Pussycat or tiger?

PUBLISHED : Friday, 02 November, 2007, 12:00am
UPDATED : Friday, 02 November, 2007, 12:00am

How should the mainland's new sovereign wealth fund, China Investment Corp (CIC), spend its US$200 billion? Its launch has concentrated the minds of foreign investors and western politicians, who are increasingly uncomfortable with the murky investment strategies and motivations of sovereign wealth funds. The fund is not the biggest, but many are run by the governments of East Asian exporters and Middle Eastern oil-producing countries.

For Chinese policymakers, where and how CIC should invest are very much open questions. Basically, they felt compelled to do something about the country's unnecessarily bountiful foreign-exchange reserves (now at US$1.4 trillion). The fuel behind mainland China's exports is its surplus savings that domestic consumption cannot fully absorb. But because this high savings rate is structural, exports will continue to be larger than imports for some time. Beijing, though, is worried that the export earnings and excessive reserves build-up will fan inflation at home and protectionism abroad.

Thus, CIC was hastily created to help let out some steam. To be fair, a number of government think-tanks studied other nations' sovereign wealth funds. It is widely believed that Singapore's and Norway's were singled out as role models.

But CIC cannot wholly mimic either Temasek Holdings or Norges Bank Investment Management (NBIM). As a small city state, Singapore is not perceived as a threat by the west and, in any case, it simply does not have enough investment opportunities domestically. Norway's objective is to invest wisely proceeds from its own vast illiquid assets - namely, oil - over time. In a way, the US$370 billion that the NBIM manages is almost like an endowment fund for the future welfare of its country's citizens. Leaving aside the NBIM's excellent record of accountability and transparency, there is no way for CIC to match Norway-like welfare objectives for 1.3 billion Chinese.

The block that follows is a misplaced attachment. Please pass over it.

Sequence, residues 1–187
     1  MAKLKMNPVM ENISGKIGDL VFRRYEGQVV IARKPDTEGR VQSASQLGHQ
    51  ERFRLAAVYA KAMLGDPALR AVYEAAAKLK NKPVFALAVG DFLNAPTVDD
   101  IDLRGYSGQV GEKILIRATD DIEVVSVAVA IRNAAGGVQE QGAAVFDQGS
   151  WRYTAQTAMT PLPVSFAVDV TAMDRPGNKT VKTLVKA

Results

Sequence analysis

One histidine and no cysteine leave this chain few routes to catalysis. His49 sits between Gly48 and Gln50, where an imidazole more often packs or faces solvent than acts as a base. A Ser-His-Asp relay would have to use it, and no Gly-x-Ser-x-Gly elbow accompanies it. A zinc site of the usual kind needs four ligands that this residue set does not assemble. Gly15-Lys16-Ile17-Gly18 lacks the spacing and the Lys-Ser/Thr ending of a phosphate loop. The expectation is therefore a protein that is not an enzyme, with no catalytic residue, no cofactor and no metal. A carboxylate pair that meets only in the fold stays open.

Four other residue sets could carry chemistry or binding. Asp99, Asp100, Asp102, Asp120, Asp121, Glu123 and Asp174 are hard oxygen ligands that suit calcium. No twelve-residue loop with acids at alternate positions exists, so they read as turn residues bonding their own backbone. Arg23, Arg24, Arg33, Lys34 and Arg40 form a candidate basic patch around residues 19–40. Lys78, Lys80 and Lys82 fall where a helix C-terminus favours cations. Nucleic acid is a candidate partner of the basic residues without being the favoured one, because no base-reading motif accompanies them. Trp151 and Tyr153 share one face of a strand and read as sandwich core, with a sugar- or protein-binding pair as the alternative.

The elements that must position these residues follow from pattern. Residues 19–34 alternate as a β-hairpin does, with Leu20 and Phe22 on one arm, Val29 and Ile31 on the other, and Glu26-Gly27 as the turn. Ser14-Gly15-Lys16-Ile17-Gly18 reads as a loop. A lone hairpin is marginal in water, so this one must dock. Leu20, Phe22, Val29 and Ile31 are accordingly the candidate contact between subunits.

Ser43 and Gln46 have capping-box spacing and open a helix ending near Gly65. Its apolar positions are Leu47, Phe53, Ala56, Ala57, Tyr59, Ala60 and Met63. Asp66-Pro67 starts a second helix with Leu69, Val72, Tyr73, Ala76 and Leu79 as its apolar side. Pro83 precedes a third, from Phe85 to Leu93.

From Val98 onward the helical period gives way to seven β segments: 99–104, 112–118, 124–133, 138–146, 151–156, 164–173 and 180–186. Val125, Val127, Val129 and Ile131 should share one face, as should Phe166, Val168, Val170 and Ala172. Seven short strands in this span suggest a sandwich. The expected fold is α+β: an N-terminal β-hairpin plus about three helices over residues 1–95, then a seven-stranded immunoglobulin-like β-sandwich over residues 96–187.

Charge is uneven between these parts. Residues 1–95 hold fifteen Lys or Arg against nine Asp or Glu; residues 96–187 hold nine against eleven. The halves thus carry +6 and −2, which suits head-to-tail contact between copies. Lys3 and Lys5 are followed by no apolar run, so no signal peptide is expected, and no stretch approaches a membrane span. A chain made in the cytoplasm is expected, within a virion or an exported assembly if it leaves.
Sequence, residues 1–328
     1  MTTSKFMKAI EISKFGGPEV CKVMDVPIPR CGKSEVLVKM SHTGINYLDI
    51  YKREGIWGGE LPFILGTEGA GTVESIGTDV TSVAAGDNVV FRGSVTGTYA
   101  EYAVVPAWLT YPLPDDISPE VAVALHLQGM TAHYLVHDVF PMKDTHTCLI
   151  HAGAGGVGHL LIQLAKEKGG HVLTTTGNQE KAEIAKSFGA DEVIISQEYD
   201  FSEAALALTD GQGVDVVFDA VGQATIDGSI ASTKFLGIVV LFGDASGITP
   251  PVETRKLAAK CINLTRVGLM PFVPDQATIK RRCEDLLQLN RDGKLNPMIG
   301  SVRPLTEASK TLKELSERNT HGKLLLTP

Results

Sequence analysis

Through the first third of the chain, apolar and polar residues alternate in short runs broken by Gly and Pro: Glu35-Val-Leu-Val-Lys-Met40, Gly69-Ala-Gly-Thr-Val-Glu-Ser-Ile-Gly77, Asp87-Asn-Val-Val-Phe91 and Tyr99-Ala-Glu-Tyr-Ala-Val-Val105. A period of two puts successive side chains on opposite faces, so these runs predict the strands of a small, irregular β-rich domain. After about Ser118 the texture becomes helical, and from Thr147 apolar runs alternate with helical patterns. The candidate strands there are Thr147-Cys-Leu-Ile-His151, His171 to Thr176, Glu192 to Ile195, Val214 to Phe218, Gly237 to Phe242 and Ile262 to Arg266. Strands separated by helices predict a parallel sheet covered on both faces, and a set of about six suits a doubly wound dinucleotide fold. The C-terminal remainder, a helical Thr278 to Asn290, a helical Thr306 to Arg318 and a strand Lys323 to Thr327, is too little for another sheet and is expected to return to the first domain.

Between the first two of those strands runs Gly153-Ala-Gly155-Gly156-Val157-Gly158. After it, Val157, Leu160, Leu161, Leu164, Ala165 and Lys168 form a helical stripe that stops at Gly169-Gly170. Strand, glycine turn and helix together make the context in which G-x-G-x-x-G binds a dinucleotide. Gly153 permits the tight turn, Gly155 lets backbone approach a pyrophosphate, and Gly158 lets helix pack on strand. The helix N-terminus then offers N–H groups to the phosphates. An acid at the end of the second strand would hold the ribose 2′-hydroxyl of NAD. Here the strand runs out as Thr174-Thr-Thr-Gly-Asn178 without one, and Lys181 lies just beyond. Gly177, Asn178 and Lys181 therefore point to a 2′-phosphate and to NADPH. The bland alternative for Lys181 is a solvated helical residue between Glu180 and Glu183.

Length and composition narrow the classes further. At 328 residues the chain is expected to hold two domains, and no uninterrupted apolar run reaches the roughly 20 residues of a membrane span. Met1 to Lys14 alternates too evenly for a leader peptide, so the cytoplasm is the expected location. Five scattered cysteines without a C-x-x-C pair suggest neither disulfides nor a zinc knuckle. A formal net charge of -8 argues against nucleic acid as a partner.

There are many challenges for CIC. What would be the reaction in the west if the shadowy CIC tries to take over a Wall Street bank? The point is that many foreigners will view Chinese entities as opaque no matter what kind of ownership structures they have. Thus, it would be in the mainland's best interests to keep CIC modest in size and pursue a passive investment strategy.

Even then, in the wake of its investment in Blackstone, a US private-equity group whose share price dived soon after its New York listing in June, there has been a barrage of criticism about whether Beijing knows what it is doing. There is a fundamental clash between the extreme risk-averse nature of most state companies and an investment approach that tries to balance risk and return. Civil servants are often rewarded for not making mistakes and punished for taking too much risk. This low risk tolerance will pose a very serious challenge for CIC.

Talent is another critical issue. CIC has hinted at the possibilities of bringing in experienced investment professionals but has stopped short of outsourcing a significant portion of its asset to professional fund managers.

In fact, many state-owned mainland companies employ a few foreign experts purely for image. This will probably be the case for CIC, too, with key investment decisions made by the finance ministry and the National Development and Reform Commission.

Although copying Norway's NBIM may be like 'drawing a tiger based on a cat', as a Chinese saying goes, CIC's minders should pay heed to at least a couple of lessons from it. For example, the NBIM limits maximum ownership in any firm to a 5 per cent stake and no investment is allowed in Norwegian companies. Indeed, it would make a lot of sense to rule out CIC investment in Chinese firms to enhance its political independence.

Given all the pitfalls awaiting CIC, the best solution for Beijing to counter an excess build-up of foreign reserves is to give domestic investors more choice outside the mainland (for example by allowing 'through-train' investment in Hong Kong stocks) and in foreign companies (by making A-share listing feasible for foreign companies on the mainland). That way, the reserves will not get too big and unwieldy.

Steven Sitao Xu is the Economist Intelligence Unit Corporate Network's director of advisory services in China